My dear friend Rene (pronounced Renny) moved to Lincoln a while back. He and his lovely family are from Scotland. Well, some of the kids were born in the USA, but by all means are Scottish. He wanted a Husker Kilt and I told him I would give it a try. He also brought with him his well worn, genuine Scottish kilt. It needed a little TLC so I told him I was up to the challenge.
As I mentioned above, this kilt has been well worn and as any good Scotsman would tell you, wearing a kilt is not only a tradition, but is comfortable too. As you can see, the pleats are basically non-existant, it also needed a bit of mending and loose threads trimmed. This kilt is made of wool, so ironing is out. I have been told you should never use a hot iron directly on wool.....However, you can carefully lay your kilt on an ironing board and form the pleats by folding them back to where they originally were. You then take a lint free towel, I use a flour sack towel, wet it and wring out the excess water. Make sure you have water in your iron to the maximum fill line, (check your owners manual to see if you should be using distilled water) you will most likely use all of the water during the steaming process. When you have your pleats lined up, place the wet towel on the kilt, with the iron on the steam setting, CAREFULLY hover the iron over the towel, holding it as close to the towel as possible without touching. When you are done with a section, put a heavy object on the towel while the fabric is cooling. I used a large, very full, three ring binder. Make sure you use something that can get wet, my binder has a plastic cover, so the hot steam didn't do any damage. You may need to go over a section a couple of times. It took me about 45 minutes to steam the pleats back into the kilt. I was also removing already existing lint from the kilt as I went along, so it took a little while. Since this is the first time I've ever worked with a kilt, I thought it turned out pretty nice.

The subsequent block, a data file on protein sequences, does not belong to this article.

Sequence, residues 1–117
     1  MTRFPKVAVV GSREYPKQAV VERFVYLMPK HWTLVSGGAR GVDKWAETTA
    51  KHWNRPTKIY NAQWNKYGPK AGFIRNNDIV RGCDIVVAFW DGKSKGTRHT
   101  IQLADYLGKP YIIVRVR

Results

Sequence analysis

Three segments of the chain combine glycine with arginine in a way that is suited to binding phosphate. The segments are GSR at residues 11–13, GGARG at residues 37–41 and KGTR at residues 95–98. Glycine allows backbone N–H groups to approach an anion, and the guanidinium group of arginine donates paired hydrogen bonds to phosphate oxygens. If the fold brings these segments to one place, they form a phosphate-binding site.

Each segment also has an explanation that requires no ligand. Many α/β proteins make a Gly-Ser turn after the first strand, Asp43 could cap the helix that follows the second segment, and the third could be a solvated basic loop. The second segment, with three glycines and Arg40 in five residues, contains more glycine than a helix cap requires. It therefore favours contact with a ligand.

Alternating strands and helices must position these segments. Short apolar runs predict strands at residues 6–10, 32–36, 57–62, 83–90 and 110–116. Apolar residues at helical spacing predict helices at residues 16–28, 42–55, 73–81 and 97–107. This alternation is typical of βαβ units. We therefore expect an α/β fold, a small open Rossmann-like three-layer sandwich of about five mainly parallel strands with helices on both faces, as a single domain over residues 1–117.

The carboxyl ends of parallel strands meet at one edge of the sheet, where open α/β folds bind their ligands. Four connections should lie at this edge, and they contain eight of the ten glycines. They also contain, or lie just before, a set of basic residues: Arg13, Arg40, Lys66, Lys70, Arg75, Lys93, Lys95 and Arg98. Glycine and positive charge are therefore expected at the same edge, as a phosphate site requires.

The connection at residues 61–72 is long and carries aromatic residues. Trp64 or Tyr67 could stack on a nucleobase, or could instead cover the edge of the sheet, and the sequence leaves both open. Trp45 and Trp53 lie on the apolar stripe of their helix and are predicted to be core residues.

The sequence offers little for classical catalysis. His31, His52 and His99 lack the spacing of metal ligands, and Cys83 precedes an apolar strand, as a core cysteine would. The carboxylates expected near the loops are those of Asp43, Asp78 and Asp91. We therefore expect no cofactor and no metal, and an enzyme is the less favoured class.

Thankfully, so did Rene.
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